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The Tragedy Of Julius Caesar, By William Shakespeare

1641 words - 7 pages

In today’s society, people’s wills are corrupt by the power and politics of the government. This is also evident in William Shakespeare’s play, The Tragedy of Julius Caesar. Shakespeare was born in 1564, about one hundred miles from London, in a market town called Stratford-Upon-Avon. By 1585, Shakespeare had begun his career as an actor and playwright, in London. Shakespeare joined a play company, Lord Chamberlain’s Men, in 1594. Because Shakespeare had a share in the theater company and the theaters where they preformed, he became a wealthy man and bought a house in Stratford for his family. However, he lived in London for most of the year due to his job. Shakespeare’s acting company had built the globe, an open-air playhouse, in 1599. The Globe held 3,000 people in its circular space. The costumes used in plays at the globe were very realistic, which helped make up for the loss of scenery. Women were not allowed to perform, so the boys used their high voices, and girl-like costumes to create an illusion that women were performing. Shakespeare’s play is based on the transition of the Roman Empire during the time of Julius Caesar. Shakespeare opens his play in 44 BC, a time in Roman society when it looked as though, if Caesar took over, the republic could fall. Caesar took over after the wealthy politician, Crassius, died in 53 BC. Caesar also had to defeat Pompey, another Roman military general, in Egypt. At this point, Caesar was crowned dictator for life, which is where the play starts. In the play, The Tragedy of Julius Caesar, by Shakespeare, the wills of characters clash between power and politics due to surprises, will instead of reason, and spirit.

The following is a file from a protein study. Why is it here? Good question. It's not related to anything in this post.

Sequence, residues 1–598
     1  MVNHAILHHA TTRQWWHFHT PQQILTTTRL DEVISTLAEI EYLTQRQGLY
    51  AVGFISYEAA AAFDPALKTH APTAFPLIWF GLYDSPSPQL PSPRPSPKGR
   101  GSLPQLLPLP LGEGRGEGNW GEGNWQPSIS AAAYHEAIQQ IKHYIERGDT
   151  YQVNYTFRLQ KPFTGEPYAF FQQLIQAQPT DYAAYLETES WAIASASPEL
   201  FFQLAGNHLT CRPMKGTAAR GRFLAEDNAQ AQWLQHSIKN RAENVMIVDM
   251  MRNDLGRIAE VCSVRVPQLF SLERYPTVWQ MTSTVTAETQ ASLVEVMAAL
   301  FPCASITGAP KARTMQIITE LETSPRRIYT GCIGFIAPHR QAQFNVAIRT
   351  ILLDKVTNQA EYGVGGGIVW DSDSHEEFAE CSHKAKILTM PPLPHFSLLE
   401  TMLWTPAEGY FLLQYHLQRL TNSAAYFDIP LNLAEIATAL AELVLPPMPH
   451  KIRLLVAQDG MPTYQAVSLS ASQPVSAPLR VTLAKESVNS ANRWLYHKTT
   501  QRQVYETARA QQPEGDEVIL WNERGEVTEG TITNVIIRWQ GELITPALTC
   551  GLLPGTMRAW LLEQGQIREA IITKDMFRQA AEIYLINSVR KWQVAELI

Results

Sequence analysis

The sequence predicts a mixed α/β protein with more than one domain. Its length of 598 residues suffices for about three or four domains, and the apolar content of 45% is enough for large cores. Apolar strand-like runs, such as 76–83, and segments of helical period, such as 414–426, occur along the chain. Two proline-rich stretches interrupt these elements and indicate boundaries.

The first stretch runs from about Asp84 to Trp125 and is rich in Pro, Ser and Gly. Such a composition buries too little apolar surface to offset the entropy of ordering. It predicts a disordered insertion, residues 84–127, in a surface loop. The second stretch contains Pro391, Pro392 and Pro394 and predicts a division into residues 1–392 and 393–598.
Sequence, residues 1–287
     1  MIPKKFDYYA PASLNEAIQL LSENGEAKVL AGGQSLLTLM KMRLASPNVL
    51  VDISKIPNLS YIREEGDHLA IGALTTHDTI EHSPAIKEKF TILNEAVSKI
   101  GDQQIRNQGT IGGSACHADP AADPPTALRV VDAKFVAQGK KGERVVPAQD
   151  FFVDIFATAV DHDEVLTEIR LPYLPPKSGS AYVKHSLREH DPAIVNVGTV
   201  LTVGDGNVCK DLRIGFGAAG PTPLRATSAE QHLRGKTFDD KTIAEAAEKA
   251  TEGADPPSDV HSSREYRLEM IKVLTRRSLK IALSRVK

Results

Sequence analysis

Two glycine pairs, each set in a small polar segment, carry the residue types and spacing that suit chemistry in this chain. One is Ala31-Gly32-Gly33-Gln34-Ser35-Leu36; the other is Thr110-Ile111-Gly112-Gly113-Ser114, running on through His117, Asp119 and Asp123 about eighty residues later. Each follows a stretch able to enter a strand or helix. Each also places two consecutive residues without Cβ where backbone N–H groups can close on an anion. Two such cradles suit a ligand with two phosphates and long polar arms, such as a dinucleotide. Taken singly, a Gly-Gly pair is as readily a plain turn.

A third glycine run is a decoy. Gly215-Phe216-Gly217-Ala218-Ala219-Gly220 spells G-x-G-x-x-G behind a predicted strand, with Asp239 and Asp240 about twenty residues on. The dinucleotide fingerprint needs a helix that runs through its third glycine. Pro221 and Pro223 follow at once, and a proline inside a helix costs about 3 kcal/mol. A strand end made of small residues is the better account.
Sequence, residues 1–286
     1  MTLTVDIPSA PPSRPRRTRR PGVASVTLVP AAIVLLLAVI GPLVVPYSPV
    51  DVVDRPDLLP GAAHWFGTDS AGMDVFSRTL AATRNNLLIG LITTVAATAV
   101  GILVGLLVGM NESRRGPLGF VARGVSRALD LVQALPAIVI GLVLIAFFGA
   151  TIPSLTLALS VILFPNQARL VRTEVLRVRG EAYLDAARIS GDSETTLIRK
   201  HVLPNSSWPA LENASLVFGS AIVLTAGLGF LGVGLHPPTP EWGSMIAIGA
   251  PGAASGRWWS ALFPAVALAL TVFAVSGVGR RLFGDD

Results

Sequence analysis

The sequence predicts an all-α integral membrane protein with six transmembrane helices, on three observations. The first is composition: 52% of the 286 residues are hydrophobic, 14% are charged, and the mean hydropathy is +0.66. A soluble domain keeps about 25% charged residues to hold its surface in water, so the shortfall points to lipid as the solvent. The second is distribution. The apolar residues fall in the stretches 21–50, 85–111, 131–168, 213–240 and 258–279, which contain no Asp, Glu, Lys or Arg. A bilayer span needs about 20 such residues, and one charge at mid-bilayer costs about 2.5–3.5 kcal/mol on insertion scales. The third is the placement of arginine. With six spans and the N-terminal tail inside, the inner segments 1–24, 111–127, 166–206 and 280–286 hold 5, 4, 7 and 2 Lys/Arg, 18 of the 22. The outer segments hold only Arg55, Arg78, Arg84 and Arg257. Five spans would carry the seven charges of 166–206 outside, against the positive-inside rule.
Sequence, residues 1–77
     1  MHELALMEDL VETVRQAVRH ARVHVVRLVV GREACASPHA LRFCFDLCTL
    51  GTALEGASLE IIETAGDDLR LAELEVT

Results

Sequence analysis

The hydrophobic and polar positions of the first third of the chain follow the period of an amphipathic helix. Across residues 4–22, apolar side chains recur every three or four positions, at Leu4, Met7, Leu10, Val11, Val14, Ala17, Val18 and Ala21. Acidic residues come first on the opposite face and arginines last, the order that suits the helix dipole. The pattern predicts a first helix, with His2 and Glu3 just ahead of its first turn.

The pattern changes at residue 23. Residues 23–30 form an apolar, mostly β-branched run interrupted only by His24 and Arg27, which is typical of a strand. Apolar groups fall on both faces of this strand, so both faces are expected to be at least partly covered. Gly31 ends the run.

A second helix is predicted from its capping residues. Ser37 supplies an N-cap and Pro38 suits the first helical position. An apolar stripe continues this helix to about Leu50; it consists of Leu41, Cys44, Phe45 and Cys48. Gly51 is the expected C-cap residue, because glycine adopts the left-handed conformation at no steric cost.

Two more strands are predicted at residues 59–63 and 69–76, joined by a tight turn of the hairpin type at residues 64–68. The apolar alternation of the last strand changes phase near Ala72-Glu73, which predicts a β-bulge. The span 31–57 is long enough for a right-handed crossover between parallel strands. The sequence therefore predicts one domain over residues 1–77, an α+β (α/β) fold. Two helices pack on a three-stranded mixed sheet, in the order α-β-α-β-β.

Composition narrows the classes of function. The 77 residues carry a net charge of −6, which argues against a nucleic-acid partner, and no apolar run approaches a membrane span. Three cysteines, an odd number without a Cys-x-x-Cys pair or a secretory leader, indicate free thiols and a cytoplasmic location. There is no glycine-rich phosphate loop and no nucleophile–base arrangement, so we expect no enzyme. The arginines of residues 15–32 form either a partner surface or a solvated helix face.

To begin, Shakespeare uses surprises to demonstrate the clashing of wills due to power and politics. For instance, the way politics suggest that the characters work too hard for nothing. According to E.A.J. Honigmann, a former professor of English literature at Britain’s University of Birmingham, “A glimpse of the man… subtly degrades him” (122). This man happens to be Cicero, a senator. Later, Honigmann goes on to say it is, “strange, too, that in a play containing such memorable orations, Cicero is given nothing memorable to say” (122). Not only the fact that Cicero is given horrid looks, but also the fact that he does not say anything memorable, at any time, is astonishing. These facts are surprising because all of the other characters are proven to have something important to say. An equally important surprise is Caesar’s image and how he presents himself. While in the forum, Caesar is warned, “Beware the ides of March” (Shakespeare 1.2.28). In response to the Soothsayer, Caesar states, “He is a dreamer. Let us leave him” (Shakespeare 1.2.29). It is shocking that Caesar decides to ignore a citizen when one warns him of his fate. Typically, when one receives the chance to hold an office position, they will listen to what their people say, and do what they feel is...

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